While not functioning in exactly the same manner as the “model minority myth,” which was used to pit Asian Americans against African Americans in the 1960s, the concept of “border populations” does share some similarities. When a nation confronts an “unruly” minority that appears to threaten its stability (whether a new threat, or an existing one that is fighting for equal rights, like blacks in the 60s) it can use another minority (even one that doesn’t truly have full and equal rights) to try to influence the “unruly” group. Even if it does not succeed in moderating the actions of the “unruly,” by highlighting the threatening qualities of the “unruly” group compared to the “border population” or “model minority,” it may garner enough support from the majority of its polity to alter existing laws or create exceptions to those laws that will further limit the rights of the “unruly” group. Professor Sheth gives the example of the Patriot Act, created after 9-11, which allowed for violations of the civil rights of America’s Muslim population with the claim that it was protecting the majority of America’s population. Professor Sheth discussed how at the time when Muslims became “the enemy” there was an increase in media stories claiming racial discrimination (primarily against African-Americans) was no longer an issue in America. And during this time, President Bush made sure to have many racially diverse people high up in his administration. She noted how both of these things enabled America to claim it was not being racist while it was targeting a new portion of its population in a decidedly racist manner.
Professor Sheth’s concept of “exception groups” in American liberalism fits right in with most everything we have studied throughout this semester in our class. Asians, from their earliest appearance in America (and even, in some respects, today) were viewed as “alien,” as not quite “human-like-us.” They were seen as unable to assimilate and were therefore determined as “unruly” and a threat to American society. Laws were enacted to restrict their civil rights and to prevent them from naturalizing and gaining “membership” in America. Professor Sheth’s discussion of those having membership in a polity understanding themselves against those who they exclude can be seen in direct relation to Orientalism and how the Occidental, the west, understood itself by what it was not – it was not “the other,” the Oriental. As mentioned earlier, her notion of “border populations,” and the distinctions and conflicts it raises between minority populations, shares similarities to the development of the model minority myth in the 60s. Additionally, Professor Sheth’s discussion of how America can use a time of crisis and perceived national threat to limit the rights of a group of its own citizens – as it has currently with Muslim Americans – directly relates to America’s internment of Japanese Americans during World War II.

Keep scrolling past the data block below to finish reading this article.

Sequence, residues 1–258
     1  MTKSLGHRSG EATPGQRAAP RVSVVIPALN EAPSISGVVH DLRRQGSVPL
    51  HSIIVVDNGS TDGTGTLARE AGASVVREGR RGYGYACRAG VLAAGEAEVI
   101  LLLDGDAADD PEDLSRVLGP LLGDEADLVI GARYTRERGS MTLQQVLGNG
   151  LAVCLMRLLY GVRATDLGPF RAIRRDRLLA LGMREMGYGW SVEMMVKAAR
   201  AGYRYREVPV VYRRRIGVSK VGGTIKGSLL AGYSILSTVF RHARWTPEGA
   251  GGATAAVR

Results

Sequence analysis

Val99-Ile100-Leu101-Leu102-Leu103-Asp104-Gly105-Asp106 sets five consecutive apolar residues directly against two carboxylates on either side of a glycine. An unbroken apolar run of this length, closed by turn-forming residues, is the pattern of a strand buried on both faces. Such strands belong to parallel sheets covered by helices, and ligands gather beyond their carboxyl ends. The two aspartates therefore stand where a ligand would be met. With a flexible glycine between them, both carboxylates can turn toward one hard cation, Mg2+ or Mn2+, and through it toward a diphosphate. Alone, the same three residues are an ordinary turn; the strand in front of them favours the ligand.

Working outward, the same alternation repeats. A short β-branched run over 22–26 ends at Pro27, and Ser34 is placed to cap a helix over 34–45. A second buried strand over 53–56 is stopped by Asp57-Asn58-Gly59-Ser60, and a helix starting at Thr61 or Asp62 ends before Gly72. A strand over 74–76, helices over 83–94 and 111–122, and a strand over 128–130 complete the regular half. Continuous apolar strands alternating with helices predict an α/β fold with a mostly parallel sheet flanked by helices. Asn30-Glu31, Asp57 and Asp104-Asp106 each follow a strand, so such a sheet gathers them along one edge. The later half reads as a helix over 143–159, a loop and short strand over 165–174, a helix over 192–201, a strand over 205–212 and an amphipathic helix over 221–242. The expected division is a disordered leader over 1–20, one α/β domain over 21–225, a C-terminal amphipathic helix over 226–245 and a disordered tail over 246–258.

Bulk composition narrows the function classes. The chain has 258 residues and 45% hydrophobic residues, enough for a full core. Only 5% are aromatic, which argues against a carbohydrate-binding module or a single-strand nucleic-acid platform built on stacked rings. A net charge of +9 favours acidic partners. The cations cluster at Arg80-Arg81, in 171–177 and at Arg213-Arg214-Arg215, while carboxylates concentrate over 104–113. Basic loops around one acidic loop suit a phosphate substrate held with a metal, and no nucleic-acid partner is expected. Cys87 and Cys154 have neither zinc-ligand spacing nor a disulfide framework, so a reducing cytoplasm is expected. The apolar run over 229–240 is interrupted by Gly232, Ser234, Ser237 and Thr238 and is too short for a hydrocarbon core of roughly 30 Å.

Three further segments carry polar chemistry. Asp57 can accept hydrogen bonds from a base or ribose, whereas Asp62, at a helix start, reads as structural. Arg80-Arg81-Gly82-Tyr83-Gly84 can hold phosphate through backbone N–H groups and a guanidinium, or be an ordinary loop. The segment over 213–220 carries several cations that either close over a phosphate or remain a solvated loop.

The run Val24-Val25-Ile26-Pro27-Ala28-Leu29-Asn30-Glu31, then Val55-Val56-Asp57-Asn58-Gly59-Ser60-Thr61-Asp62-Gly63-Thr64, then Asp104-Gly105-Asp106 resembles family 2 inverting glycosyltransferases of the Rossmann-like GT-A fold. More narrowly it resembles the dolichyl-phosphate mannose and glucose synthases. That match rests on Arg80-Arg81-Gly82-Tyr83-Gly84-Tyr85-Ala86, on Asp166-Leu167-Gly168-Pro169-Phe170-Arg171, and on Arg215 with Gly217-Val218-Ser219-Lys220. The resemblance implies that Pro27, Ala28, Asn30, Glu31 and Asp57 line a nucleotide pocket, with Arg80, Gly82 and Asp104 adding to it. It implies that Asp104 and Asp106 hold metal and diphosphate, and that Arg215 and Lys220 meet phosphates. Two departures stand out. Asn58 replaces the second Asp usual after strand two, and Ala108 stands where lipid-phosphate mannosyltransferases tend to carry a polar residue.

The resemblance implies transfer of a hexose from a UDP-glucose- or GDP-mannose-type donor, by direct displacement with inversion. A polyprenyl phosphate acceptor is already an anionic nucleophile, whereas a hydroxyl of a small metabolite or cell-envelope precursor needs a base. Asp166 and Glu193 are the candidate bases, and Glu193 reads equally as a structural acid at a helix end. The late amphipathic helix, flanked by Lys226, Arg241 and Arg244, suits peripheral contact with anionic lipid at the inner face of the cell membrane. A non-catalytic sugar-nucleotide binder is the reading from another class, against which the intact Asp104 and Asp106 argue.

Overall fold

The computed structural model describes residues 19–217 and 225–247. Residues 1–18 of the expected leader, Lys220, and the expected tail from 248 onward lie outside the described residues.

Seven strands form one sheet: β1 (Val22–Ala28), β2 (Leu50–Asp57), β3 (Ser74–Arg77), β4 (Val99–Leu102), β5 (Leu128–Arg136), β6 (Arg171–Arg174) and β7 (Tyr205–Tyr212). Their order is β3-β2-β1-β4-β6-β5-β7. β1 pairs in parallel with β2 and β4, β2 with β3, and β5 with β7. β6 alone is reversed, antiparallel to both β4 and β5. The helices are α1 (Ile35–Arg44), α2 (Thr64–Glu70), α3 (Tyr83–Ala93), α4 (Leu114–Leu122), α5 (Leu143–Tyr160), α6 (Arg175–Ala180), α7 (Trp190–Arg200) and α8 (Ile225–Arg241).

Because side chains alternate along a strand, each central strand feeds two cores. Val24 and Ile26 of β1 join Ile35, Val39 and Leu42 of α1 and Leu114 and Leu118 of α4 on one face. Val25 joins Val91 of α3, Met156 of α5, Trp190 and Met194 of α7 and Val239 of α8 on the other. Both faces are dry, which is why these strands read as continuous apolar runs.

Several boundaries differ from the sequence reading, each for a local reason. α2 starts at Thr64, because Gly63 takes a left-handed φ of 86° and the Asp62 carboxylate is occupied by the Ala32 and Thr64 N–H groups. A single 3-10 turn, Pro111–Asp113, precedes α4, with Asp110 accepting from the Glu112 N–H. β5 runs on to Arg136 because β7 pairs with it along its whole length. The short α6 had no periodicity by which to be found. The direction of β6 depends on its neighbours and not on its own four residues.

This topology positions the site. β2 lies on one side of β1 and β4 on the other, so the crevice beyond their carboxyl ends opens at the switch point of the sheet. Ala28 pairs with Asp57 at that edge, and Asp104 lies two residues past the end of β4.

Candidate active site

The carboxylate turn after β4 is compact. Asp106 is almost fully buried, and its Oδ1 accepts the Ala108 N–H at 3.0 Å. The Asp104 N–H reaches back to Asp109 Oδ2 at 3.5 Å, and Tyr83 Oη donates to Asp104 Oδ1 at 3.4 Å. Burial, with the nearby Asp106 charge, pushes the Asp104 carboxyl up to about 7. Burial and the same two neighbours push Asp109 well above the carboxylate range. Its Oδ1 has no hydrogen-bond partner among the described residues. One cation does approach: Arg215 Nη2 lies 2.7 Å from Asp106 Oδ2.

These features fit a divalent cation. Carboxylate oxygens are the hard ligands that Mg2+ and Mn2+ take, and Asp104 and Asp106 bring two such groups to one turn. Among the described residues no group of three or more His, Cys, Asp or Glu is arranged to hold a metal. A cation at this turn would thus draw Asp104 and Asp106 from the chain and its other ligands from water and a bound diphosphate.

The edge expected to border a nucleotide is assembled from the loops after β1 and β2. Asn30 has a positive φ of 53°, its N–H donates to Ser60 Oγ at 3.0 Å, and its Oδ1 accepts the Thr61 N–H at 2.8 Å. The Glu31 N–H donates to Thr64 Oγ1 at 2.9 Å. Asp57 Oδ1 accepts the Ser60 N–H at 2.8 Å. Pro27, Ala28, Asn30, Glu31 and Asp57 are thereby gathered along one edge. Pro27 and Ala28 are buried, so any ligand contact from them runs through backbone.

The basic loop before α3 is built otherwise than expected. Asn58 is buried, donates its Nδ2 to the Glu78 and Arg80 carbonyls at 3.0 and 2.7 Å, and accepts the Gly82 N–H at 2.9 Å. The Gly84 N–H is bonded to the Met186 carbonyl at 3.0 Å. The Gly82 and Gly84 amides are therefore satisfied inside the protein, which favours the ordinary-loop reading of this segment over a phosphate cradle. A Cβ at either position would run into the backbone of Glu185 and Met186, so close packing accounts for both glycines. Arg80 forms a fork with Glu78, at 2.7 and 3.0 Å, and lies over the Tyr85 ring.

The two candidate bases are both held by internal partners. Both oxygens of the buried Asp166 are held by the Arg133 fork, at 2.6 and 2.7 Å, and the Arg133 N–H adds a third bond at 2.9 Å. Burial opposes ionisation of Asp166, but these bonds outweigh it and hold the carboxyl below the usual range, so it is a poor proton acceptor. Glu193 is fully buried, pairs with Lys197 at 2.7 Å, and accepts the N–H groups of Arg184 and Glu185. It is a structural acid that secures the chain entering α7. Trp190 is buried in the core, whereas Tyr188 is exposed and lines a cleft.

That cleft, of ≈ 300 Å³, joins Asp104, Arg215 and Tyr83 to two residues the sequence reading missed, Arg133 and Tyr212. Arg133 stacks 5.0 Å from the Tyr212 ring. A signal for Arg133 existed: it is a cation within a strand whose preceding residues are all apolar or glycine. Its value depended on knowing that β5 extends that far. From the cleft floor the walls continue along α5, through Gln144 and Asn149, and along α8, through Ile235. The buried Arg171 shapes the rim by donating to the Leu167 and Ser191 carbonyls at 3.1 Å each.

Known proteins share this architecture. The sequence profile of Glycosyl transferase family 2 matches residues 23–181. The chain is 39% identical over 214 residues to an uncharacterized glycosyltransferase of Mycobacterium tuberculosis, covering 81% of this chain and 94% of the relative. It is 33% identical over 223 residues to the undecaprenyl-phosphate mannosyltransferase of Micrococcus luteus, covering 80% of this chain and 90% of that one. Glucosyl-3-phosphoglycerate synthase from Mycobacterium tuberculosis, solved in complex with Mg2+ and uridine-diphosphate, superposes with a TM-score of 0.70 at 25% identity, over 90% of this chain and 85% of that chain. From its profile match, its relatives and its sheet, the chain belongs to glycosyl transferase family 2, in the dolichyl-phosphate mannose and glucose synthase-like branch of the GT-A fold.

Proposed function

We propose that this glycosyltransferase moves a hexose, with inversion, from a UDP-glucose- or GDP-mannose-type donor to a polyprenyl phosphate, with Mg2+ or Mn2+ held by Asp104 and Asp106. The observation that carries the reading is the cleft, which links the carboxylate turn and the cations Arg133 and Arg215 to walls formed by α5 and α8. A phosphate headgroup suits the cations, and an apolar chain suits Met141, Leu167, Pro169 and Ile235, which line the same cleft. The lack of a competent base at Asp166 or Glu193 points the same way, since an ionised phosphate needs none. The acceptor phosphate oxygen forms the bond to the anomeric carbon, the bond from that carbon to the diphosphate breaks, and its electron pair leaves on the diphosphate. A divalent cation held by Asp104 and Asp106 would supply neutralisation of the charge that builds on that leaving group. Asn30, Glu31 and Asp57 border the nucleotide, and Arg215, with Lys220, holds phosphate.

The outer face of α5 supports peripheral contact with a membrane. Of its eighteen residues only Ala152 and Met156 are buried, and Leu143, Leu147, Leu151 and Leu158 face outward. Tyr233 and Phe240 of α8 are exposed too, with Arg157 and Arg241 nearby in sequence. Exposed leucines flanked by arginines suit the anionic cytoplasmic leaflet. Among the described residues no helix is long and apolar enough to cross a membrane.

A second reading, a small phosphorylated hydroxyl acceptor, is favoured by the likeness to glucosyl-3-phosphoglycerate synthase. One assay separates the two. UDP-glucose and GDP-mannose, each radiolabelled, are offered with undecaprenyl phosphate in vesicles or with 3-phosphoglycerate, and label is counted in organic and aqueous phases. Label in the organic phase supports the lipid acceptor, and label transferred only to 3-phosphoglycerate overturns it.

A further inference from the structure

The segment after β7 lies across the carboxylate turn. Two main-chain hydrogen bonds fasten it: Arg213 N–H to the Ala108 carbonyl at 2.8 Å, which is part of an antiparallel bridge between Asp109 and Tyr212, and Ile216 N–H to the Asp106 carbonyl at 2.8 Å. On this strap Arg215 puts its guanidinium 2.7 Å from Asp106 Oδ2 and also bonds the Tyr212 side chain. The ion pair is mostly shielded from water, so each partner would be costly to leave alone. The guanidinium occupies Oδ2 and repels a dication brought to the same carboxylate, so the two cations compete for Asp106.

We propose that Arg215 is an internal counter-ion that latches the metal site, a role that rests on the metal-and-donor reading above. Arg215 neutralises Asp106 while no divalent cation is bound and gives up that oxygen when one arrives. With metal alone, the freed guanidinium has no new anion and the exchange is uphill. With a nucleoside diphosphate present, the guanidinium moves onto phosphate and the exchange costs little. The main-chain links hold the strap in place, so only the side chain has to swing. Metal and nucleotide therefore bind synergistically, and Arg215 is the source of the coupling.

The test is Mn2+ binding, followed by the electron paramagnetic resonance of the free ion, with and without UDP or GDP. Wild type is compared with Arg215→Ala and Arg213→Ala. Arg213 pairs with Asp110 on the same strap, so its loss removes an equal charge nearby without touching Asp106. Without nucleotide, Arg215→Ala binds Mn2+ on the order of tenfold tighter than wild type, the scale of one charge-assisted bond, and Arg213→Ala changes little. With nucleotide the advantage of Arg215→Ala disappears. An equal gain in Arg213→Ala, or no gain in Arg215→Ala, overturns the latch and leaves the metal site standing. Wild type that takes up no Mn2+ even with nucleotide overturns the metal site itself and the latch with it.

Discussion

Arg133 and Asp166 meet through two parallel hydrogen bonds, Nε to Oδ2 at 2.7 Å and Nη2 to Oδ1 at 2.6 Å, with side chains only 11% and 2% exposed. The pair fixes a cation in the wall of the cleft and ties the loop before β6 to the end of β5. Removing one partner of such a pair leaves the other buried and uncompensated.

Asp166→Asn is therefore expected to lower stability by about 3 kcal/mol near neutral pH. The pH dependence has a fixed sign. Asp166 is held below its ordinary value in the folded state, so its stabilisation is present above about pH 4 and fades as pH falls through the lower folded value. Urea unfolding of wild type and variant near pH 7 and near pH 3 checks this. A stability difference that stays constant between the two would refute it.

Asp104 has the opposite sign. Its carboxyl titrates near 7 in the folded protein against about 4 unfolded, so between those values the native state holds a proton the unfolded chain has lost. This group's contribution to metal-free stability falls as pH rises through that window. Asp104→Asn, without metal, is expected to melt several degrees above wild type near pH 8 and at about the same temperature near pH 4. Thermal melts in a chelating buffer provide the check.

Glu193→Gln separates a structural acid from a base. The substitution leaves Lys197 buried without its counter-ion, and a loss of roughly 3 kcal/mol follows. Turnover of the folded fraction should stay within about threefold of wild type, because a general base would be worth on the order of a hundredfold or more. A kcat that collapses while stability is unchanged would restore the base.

While I would like to believe in the ideal of liberalism in a democratic nation – that equal rights for all and equal protection under the law is possible, Professor Sheth’s argument is too strong. The creation and maintenance of “exception groups,” minority populations that are exempt from full equality in the nation in which they reside, has been and continues to be an intrinsic element of American liberalism.